New Approach Montana already has spent nearly $2 million on the signature drive and related expenses of getting the two measures on the Nov. 3 ballot. It said they collected more than 130,000 signatures of registered voters.
The initiative needed about 25,000 verified signatures to qualify and the constitutional amendment needed about 50,000 signatures.
I-190, if approved by voters, would legalize the sale and possession of limited amounts of marijuana and also levy a 20 percent tax on the sale of non-medical marijuana in Montana.
CI-118 would amend the state constitution to allow the Legislature to set the age of for adults allowed to possess and consume marijuana. Under the current state constitution, anyone 18 or older has all rights of an adult, except for the possession of alcohol.
New Approach has said legal marijuana sales would generate $48 million in tax revenue for Montana by 2025.
FORT BENTON — A Fort Benton man has defied the odds when it comes to cancer. Instead of going through the usual rounds of chemotherapy, he decided on an alternative treatment. While it may not be the reason for his amazing recovery, it was enough to make him a believer.
About four months ago, Joseph Curl went to the doctor for what he thought was an ear infection, it turned out to be much worse. “Small cell lung cancer, aggressive type,” said Joseph when describing the diagnosis.
It was the same type of cancer that killed his mother. Joe was determined not to suffer the same fate. “I said, 'I’m sorry, but you do not give me an expiration date, that is above your pay grade,'” said Joseph. “'You do not tell me when I’m going to leave this planet.'”
It made him an immediate chemotherapy and radiation candidate. “No one goes directly into chemotherapy when they’re diagnosed with cancer,” said Amberly Carter-Curl, Joseph’s daughter. “What the doctor explained to me was he would have been dead within hours.”
“Only two percent of people who are diagnosed with small cell lung cancer survive it,” said Amberly.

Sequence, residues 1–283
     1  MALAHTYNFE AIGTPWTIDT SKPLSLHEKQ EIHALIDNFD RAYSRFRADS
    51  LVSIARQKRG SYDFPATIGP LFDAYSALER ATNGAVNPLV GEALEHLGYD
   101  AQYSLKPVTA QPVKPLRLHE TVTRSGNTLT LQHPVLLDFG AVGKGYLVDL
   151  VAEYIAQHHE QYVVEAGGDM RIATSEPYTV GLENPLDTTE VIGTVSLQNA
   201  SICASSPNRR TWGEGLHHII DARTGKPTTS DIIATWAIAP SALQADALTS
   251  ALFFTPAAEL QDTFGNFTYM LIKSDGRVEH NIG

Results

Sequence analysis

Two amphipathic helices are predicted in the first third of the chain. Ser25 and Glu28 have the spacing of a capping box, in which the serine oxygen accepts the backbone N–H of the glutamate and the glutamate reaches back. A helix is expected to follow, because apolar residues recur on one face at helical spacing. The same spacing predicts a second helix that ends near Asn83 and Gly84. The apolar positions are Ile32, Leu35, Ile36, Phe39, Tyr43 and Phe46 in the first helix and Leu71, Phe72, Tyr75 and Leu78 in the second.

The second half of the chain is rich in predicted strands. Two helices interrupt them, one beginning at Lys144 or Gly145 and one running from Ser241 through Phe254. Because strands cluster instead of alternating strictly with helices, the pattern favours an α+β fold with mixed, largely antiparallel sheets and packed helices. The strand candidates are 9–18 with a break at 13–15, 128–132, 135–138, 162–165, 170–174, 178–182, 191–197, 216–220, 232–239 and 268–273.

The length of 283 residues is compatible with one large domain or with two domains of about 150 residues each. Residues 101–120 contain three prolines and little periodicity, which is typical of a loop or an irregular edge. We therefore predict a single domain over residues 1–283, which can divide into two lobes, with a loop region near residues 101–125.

“The tumor was about the size of my hand and it was wrapped around my throat,” said Joseph.
Amberly dropped everything, leaving her job in Washington headed for Montana, unprepared for what she was about to see. “His face was almost completely black,” said Amberly. “It was the most terrifying thing I had ever seen, my dad looked like he was dead already.”
Joseph underwent the first of several rounds of experimental and grueling chemo. “It was absolutely horrible. I couldn’t go to the bathroom, I couldn’t eat, I couldn’t sleep, I couldn’t lay down, I couldn’t stand up, I couldn’t do nothing,“ said Joseph. “I said if this is the quality of life you can offer me, doing chemotherapy and radiation, I don’t want it. I would rather get on the boat and go.”
The former Marine kicked his nearly one pack a day cigarette habit and did some research. He eliminated meat and sugar from his diet and decided to take Rick Simpson Oil, or RSO. Named after a Canadian wellness advocate, its main ingredient is pure tetrahydrocannabinol, or THC. “It’s the thing that gets you stoned when you smoke greenbud,” said Joseph. “But I didn’t want RSO to get stoned, I wanted to kill the cancer.”
Over three months, he took a graduated regimen of 60 grams of RSO and says his last checkup was nothing short of a miracle. “Cancer’s not there, not in remission, not in my body,” said Joseph. “The doctor’s still trying to figure out how that’s possible.”
Joseph, who has a medical marijuana card, says one drawback in Montana is the cost of RSO, at 40 dollars a gram. He was able to obtain the drug out of state at a fraction of that price. “I am on Social Security, disability,” said Joseph. “I have a very limited income. And there’s people out there like me that are dying because they can’t afford this medication.”
Joseph and his doctors can’t say for sure what made the cancer disappear. Joseph says it could have been the RSO, the new diet, a strong faith, or even his military mentality.
“Marines are known to be tenacious,” said Joseph. “It doesn’t matter if you’ve been out of the Corps for 50 years. They’re like bulldogs. We get our teeth sunk into something and we don’t let go of it.”
“There wasn’t a single moment that he outwardly thought he was going to die or would say anything like that,” said Amberly. “I’d ask him, 'Are you scared?' and he’d say, 'Scared of what?'”